By probing the molecular basis of proteasome inhibitor resistance in cancer cells, a Broad-led team finds new vulnerability — and compounds that exploit it.
Expanding the reach of proteasome inhibitors
A research team led by scientists at the Broad Institute has uncovered a molecular workaround that enables cancer cells to withstand an important class of drugs, known as proteasome inhibitors. The team’s findings highlight how drug sensitivity connects to cancer cells' metabolism. The study also suggests that a different drug that has been previously studied in clinical trials may provide a way to overcome resistance to proteasome inhibition by exploiting the cells' metabolic processes.
“Using a combination of complementary, large-scale technologies, we’ve covered the full spectrum of cell and molecular biology to reveal a fundamental mechanism cells use to cope with proteasome inhibition,” said Peter Tsvetkov, a postdoctoral fellow in the Broad Institute's Cancer Program and corresponding author, along with Cancer Program director Todd Golub, on a paper describing the work in Nature Chemical Biology.
As their name suggests, proteasome inhibitors (PIs) target a key housekeeping apparatus in cells known as the proteasome, which breaks down old or worn out proteins. Drugs that block this recycling process cause proteins to build up within cancer cells, ultimately destroying the cells through a toxic state called proteotoxic stress.
The first PI was approved for clinical use in the United States more than 15 years ago. To date, these drugs are primarily used to treat a blood cancer called multiple myeloma.
“In the pharmaceutical industry, one of the pressing questions about proteasome inhibitors is whether these drugs can be made to work in other tumor types, especially solid tumors,” said Tsvetkov. “But in order to do that, we first need to understand the basic mechanisms that enable cells to adapt to and withstand the proteotoxic stresses these drugs can cause.”
For the last five years, Tsvetkov has worked to dissect the countermeasures cells use to survive proteasome inhibition, first as a postdoctoral fellow in the Whitehead Institute lab of the late Susan Lindquist and later at the Broad Institute under Golub's mentorship. In a paper published two years ago in PNAS, Tsvetkov and his Whitehead colleagues described a change in the structure of the proteasome that can lead to PI resistance across diverse cancer cell lines. Importantly, this change appears in multiple myeloma patients whose tumors do not respond to PI therapy.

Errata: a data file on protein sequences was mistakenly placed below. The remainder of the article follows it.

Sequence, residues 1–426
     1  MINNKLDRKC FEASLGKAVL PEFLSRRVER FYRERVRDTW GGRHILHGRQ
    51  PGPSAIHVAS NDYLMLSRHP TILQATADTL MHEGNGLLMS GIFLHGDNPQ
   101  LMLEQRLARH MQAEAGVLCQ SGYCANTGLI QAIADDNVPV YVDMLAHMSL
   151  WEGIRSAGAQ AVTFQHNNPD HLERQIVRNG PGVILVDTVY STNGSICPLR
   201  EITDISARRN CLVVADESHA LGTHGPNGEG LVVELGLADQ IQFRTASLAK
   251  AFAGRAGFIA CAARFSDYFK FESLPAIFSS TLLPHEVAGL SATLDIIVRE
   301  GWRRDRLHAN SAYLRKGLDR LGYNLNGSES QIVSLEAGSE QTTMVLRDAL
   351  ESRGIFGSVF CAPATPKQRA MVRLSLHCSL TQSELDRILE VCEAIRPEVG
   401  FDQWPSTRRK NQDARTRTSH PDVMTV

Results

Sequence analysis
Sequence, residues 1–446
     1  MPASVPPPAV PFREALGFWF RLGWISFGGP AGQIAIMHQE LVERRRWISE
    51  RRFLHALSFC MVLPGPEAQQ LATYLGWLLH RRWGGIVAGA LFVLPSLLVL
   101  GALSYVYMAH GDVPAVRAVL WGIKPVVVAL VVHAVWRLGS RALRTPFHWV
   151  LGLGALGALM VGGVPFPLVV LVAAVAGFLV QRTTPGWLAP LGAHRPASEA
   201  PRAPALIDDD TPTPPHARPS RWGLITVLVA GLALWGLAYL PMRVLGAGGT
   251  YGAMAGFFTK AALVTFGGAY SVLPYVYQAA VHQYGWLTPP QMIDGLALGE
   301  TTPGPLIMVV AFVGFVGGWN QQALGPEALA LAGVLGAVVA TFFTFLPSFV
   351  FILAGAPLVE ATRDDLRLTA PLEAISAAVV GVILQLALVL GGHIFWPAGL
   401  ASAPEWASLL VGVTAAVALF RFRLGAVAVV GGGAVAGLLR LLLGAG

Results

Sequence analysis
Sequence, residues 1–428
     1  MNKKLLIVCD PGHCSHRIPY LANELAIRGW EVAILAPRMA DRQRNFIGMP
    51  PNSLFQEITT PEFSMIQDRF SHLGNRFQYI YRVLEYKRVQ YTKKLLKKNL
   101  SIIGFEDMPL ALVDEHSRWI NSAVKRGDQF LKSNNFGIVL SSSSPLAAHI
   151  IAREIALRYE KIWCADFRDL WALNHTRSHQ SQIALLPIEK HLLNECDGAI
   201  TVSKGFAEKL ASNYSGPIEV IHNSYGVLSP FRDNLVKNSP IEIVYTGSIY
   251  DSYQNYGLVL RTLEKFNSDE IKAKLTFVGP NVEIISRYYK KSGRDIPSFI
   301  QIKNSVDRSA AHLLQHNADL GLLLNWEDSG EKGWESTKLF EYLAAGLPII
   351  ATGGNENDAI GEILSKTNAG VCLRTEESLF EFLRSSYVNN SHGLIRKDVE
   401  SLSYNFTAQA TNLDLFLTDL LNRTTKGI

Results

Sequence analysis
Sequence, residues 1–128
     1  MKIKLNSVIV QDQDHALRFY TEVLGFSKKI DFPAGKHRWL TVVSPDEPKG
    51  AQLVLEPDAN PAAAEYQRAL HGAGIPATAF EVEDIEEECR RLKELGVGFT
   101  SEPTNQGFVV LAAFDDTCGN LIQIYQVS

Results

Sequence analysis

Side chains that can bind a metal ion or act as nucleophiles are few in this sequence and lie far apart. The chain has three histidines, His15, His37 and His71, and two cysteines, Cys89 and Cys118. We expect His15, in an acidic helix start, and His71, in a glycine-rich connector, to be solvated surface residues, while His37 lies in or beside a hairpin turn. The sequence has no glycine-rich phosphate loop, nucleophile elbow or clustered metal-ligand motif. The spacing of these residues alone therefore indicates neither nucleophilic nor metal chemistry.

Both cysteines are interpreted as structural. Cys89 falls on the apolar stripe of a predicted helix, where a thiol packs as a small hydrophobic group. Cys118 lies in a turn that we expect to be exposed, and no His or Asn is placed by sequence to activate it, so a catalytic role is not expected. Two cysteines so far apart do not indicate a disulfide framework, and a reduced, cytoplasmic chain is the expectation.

Using these earlier findings as a starting point, Tsvetkov and his colleagues searched for genetic signatures that correspond to the PI-resistant state. Surprisingly, the team discovered a signature that suggests the involvement of mitochondria, the cell’s powerhouse. Further studies, including large-scale cell screening using the PRISM method, revealed that a shift in cell metabolism — from a process that takes place in the cell's cytoplasm to one that relies heavily on mitochondria — makes cells PI-resistant.
Tsvetkov, Golub, and their colleagues wondered if they could exploit this metabolic shift. They screened a library of over 4,000 chemical compounds, searching for ones that could transform PI-resistant cells into PI-sensitive ones. The team identified three compounds that could achieve this result: elesclomol and disulfiram, two sulfur-containing compounds with the unusual capability of binding to copper; and navitoclax, a compound already known to enhance the effects of proteasome inhibitors.
Elesclomol, it turns out, was originally developed as a potential cancer treatment. It reached phase 3 clinical trials as part of a combination therapy for patients with metastatic melanoma. However, it failed due to lack of efficacy.
“This drug has previously been in people, which opens up a simpler path to testing it along with proteasome inhibitors,” said Tsvetkov. “This also suggests that other similar molecules with the some of the same characteristics might also be efficacious in this setting.”
Although elesclomol has a history of clinical testing, its mechanism of action was unknown. Tsvetkov and his colleagues, including John Markley at the University of Wisconsin-Madison, determined that elesclomol directly targets a mitochondrial enzyme FDX1. They went on to show that when bound to copper, elesclomol not only blocks FDX1's activity, but is itself also activated by FDX1 to promote an unusual form of cell death that Tsvekov has informally dubbed "cuproptosis."
Bolstered by these initial results, the researchers are now working to explore the various biochemical attributes of elesclomol and related compounds. Their goal is to create a promising proof-of-concept for testing in cancer cell lines and other preclinical models that may one day help expand the clinical reach of proteasome inhibitors.
Support for this work was provided by the National Institute of General Medical Sciences, the National Institute of Neurological Disorders and Stroke, National Cancer Institute, the Multiple Myeloma Research Foundation, the Howard Hughes Medical Institute, and other sources.